Farzana Akter Isha, 24, works as a production supervisor at SOLshare, a renewable energy technology company that provides home-based solar power solutions to poor, rural families.
When she started her career in 2014 straight after leaving school, Bangladesh’s solar sector was facing hiccups with sluggish demand - and Isha saw many of her colleagues switch to other jobs.
But following years of slack progress, renewable energy in Bangladesh has recently seen a strong turnaround on the back of more affordable solar power. That momentum is expected to create 3,000 to 4,000 new green jobs in the next few years.
From rooftop solar projects alone, including industrial and commercial installations, a record 42 megawatts (MW) of new capacity were added in 2023.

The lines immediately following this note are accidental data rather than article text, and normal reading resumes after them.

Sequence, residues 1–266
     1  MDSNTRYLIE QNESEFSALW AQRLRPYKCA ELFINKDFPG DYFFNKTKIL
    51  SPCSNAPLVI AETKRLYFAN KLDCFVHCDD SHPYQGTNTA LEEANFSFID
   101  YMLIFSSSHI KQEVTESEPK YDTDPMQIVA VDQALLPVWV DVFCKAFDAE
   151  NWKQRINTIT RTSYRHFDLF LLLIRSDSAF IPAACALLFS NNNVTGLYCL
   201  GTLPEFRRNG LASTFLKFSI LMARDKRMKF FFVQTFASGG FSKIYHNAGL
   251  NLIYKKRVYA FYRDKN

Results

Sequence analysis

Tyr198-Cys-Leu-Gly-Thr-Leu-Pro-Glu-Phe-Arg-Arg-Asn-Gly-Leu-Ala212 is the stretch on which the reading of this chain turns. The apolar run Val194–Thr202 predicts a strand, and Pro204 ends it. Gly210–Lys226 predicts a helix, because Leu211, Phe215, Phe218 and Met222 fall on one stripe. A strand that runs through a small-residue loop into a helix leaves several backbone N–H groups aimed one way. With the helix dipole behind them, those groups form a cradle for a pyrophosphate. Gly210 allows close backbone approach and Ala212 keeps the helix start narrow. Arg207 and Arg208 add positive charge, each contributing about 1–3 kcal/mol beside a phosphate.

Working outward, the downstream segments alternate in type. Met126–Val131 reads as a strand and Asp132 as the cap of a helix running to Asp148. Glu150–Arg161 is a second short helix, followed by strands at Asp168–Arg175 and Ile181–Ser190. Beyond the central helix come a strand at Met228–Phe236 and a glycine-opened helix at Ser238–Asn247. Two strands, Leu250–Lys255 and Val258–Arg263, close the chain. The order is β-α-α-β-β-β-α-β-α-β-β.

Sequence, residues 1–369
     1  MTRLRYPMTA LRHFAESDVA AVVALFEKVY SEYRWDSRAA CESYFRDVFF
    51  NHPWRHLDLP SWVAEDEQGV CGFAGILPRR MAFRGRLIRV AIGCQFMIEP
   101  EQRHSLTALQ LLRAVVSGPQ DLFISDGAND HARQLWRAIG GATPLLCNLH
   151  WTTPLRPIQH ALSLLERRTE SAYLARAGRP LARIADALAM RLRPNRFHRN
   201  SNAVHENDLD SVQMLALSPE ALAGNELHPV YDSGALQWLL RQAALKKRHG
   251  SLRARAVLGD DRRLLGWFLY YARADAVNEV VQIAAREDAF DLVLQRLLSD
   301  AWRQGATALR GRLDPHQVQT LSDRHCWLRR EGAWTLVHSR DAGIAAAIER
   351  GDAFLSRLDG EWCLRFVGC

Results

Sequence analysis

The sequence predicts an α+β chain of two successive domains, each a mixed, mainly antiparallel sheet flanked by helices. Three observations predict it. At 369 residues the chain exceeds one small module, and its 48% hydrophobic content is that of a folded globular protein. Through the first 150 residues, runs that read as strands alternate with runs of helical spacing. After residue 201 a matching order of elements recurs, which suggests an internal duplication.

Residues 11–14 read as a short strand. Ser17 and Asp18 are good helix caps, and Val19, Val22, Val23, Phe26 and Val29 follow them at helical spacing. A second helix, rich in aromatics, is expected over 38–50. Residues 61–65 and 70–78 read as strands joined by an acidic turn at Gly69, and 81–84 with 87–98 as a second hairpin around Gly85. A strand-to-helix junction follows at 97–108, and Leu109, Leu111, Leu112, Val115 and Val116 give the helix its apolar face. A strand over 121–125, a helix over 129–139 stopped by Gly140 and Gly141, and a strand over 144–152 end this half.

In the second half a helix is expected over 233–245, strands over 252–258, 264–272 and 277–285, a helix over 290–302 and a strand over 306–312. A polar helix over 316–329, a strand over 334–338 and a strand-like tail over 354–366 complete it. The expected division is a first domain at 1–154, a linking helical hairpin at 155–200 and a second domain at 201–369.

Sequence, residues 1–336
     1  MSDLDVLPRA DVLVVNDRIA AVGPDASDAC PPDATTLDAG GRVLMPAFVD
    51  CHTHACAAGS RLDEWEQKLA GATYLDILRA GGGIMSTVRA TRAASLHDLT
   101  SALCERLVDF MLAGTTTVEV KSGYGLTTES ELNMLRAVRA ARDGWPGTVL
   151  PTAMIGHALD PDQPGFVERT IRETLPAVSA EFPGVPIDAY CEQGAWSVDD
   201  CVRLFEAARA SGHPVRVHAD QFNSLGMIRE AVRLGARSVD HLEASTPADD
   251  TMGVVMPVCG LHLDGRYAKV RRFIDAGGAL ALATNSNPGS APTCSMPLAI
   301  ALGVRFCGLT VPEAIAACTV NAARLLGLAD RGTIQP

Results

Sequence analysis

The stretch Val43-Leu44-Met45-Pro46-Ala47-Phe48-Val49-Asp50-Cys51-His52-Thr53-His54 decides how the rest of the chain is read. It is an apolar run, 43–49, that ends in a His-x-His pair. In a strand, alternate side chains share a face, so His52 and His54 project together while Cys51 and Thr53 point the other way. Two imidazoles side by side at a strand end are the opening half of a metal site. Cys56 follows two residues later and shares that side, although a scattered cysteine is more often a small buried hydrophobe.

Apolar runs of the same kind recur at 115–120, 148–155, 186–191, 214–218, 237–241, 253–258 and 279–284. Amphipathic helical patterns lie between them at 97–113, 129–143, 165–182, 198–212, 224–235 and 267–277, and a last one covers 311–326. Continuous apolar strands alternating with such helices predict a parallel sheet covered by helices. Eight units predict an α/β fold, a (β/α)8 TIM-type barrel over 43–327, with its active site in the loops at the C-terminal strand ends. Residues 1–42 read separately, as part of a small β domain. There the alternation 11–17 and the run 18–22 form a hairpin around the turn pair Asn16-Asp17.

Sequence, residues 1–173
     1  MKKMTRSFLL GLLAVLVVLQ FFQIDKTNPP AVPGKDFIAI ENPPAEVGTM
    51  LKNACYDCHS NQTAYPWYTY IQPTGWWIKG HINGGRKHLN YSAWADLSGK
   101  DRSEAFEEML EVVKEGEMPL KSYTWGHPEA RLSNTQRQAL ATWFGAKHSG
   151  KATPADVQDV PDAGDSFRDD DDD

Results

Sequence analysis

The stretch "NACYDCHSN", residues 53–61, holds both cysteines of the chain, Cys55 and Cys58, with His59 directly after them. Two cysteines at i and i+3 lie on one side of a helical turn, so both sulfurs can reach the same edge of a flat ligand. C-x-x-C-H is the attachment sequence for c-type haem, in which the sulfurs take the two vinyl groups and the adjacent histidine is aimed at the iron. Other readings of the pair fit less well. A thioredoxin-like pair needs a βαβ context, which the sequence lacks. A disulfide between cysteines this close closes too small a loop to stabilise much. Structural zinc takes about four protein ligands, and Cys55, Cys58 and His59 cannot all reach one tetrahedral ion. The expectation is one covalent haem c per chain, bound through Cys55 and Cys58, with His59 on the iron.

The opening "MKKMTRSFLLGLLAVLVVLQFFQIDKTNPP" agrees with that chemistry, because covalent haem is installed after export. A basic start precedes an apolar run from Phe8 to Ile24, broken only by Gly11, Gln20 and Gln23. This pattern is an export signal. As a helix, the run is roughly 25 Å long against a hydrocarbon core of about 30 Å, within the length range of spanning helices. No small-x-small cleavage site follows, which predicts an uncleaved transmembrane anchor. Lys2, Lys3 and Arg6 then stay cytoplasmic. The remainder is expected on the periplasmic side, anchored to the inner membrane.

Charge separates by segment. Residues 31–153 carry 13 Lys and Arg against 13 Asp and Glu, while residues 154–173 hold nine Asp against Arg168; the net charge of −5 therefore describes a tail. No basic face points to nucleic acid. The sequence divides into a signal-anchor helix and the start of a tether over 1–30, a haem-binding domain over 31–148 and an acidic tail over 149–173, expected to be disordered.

In addition, about 10 large-scale grid-connected solar projects mounted on the ground are now operating, with more than 3,000 MW of capacity from both types of projects approved or in the final stages of approval.
A true assessment of the country’s rooftop solar potential is essential to understand the investment needed in the sector.
Shafiqul Alam, lead energy analyst, Institute for Energy Economics and Financial Analysis
Renewables surge as prices fall
Experts are predicting a surge in the renewable energy sector in Bangladesh as solar power becomes increasingly cost-effective compared to fossil fuels.
The country has been struggling to pay for its oil and gas imports with shrinking dollar reserves - and rising fuel prices have created pressure on the economy.